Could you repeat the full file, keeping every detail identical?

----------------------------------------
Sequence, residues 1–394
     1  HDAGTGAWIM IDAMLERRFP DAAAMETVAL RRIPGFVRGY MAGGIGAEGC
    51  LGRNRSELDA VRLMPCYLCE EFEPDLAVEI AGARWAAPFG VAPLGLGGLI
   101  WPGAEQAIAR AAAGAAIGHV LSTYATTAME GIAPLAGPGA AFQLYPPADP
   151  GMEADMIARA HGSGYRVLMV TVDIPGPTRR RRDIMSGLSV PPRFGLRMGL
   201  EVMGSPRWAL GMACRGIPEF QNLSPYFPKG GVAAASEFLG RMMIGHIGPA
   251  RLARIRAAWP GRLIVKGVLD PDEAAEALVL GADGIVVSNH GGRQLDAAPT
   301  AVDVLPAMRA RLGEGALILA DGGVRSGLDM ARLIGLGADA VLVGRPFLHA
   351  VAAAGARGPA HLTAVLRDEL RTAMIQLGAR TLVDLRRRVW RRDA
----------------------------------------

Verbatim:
Sequence, residues 1–394
     1  HDAGTGAWIM IDAMLERRFP DAAAMETVAL RRIPGFVRGY MAGGIGAEGC
    51  LGRNRSELDA VRLMPCYLCE EFEPDLAVEI AGARWAAPFG VAPLGLGGLI
   101  WPGAEQAIAR AAAGAAIGHV LSTYATTAME GIAPLAGPGA AFQLYPPADP
   151  GMEADMIARA HGSGYRVLMV TVDIPGPTRR RRDIMSGLSV PPRFGLRMGL
   201  EVMGSPRWAL GMACRGIPEF QNLSPYFPKG GVAAASEFLG RMMIGHIGPA
   251  RLARIRAAWP GRLIVKGVLD PDEAAEALVL GADGIVVSNH GGRQLDAAPT
   301  AVDVLPAMRA RLGEGALILA DGGVRSGLDM ARLIGLGADA VLVGRPFLHA
   351  VAAAGARGPA HLTAVLRDEL RTAMIQLGAR TLVDLRRRVW RRDA